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Buildings and Purpose

A History of Bedford County Gaol c1603 onwards

Bedford County Gaol

Bedford County Gaol has been located on two sites in the town of Bedford. Prisoners were transfered to the gaol from parish local lock-ups.

The County Gaol Pre 1801 In the eighteenth century the County Gaol was situated on the north side of Silver Street, at the junction with Bedford High Street. No painting, sketch or plan of this Gaol is known to exist. Eric Stockdale, in his book Bedford Prison 1660 - 1877 speculates that "the gaol may have stood on that spot from the year 1165". The earliest list of prisoners in the gaol is recorded in 1603 [FN 1024]. John Bunyan was imprisoned here from 1660 to 1672, and in 1677.

Prisoners from around the County were brought to the gaol by parish constables, who were paid for transferring the prisoners from the local lock-up or pound. Every parish had its own lock-up or 'cage' where people could be held for short periods of time. The poor conditions John Howard observed in this gaol when he visited it in his role as High Sheriff of Bedfordshire in 1773 led to his lifelong campaign for penal reform, and eventually to the building of a new County Gaol in 1801. He visited the prison many times and recorded his findings in 1783. He described the County Gaol at this time as having the following accommodation: first floor: day room for debtors also used as a chapel, four lodging rooms. Ground floor: for felons, two day rooms, one for men, one for women, two cells for the condemned. The rooms were 8'6"high. There were two dungeons down eleven steps, one of which was dark. He noted that 20 years earlier there had been an outbreak of gaol fever (typhus) and some people had died there.

The Building of the New County Gaol in 1801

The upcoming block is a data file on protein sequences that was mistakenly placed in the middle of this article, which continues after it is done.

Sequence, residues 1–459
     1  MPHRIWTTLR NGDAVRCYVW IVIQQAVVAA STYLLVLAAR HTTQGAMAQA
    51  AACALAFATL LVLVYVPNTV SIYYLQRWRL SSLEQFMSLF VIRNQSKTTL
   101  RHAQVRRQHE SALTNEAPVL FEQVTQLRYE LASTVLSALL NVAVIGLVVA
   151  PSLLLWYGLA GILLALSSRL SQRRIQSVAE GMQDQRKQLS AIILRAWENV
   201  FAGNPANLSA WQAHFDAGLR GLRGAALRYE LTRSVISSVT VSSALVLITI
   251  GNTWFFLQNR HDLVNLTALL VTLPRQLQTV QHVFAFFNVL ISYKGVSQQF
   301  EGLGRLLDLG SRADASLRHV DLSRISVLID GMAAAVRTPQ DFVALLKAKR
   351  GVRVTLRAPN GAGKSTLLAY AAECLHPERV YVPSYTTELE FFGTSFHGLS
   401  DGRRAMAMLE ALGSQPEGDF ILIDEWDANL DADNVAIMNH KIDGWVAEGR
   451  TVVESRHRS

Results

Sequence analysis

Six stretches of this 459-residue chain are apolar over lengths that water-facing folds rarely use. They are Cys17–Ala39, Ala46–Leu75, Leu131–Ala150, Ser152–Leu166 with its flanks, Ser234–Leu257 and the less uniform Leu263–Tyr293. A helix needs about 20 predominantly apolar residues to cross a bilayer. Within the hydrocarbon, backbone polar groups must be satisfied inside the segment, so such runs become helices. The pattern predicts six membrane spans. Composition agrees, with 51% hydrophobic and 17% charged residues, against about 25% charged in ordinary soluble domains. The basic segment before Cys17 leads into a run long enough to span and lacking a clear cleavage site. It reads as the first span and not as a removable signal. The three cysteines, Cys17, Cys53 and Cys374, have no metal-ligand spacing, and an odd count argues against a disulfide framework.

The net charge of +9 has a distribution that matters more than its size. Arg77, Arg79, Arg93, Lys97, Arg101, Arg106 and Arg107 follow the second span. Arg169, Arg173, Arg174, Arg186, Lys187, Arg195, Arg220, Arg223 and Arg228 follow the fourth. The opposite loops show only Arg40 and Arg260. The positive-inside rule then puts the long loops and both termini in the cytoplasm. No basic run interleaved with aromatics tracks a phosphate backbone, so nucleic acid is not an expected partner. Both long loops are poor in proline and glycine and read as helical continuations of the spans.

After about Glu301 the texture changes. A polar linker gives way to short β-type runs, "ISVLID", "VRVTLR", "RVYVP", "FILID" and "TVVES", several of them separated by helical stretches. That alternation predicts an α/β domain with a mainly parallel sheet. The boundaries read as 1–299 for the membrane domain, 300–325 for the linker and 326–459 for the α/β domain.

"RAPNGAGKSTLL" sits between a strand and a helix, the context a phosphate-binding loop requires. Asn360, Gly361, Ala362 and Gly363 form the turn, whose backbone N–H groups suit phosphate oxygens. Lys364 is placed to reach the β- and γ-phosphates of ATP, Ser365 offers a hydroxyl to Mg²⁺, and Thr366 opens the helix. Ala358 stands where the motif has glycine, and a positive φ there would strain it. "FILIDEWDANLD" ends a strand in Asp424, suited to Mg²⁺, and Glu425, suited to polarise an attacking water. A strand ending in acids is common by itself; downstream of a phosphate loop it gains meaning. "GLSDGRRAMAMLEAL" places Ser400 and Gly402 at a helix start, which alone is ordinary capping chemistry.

The Quarter Sessions minutes of Easter 1786 [QSM 18] record that the Justices of the Peace wanted to enlarge the gaol, and ordered the purchase of the house of John Howard, Gaoler, and its outhouses, yards and buildings to be used for the purpose of expansion. This was to include cells above ground, infirmary for the sick, wards for men and women and separate places for men and women to be confined. Plans and proposals were invited but there was no response. So at the Michaelmas Adjourned Sessions it was decided that the new Gaol and Bridewell be built on the pasture or garden or both behind the house where Mr Thomas Hensman dwells on the High Street in the parish of St Paul, Bedford. Mr Blackburn was to be commissioned to make a plan for a gaol and bridewell to adjoin together and Mr Samuel Southouse was to be asked to sell land leased by Thomas Hensman. Unfortunately these plans too came to nothing when Samuel Southouse refused to sell any part of the land so by Michaelmas Sessions 1787 all the orders regarding the new gaol and Bridewell were rescinded. [QSM18] In 1798 a Committee was set up to oversee the construction of a new Gaol. They recorded their decisions in a special minute book [QGE 1]. They stated that they deemed both the existing County Gaol and House of Correction in the gaol 'insufficient' and 'inconvenient'. One of the Committee was Francis Russell, 5th Duke of Bedford, who sold his land in Dovehouse Close, deemed a suitable site for the prison, to the County for the nominal sum of 10 shillings [QGE 3/21]. On 6th June 1798 the architect John Wing produced plans and estimates for the building of a new gaol and house of correction, and the committee unanimously agreed on plan no.3. He also gave an estimate of the cost of building, 6850 4s. The contract was signed on 11th Jul 1798. On 15th April 1801 the committee listed the furniture they had ordered for the prison: 32 iron bedsteads measuring 2'6"by 6'2", 11 iron bedsteads with sacking bottoms 4' by 6'6", a stone cistern to be placed at each pump, with a watering trough in each of the men's yards, forms and benches for the day room, another key for the lodge door to be held by the Sheriff and a copper for the gaolers use. 32 rugs, 20 blankets and 32 straw mattresses were also ordered. The Gaol was officially opened on 18th June 1801.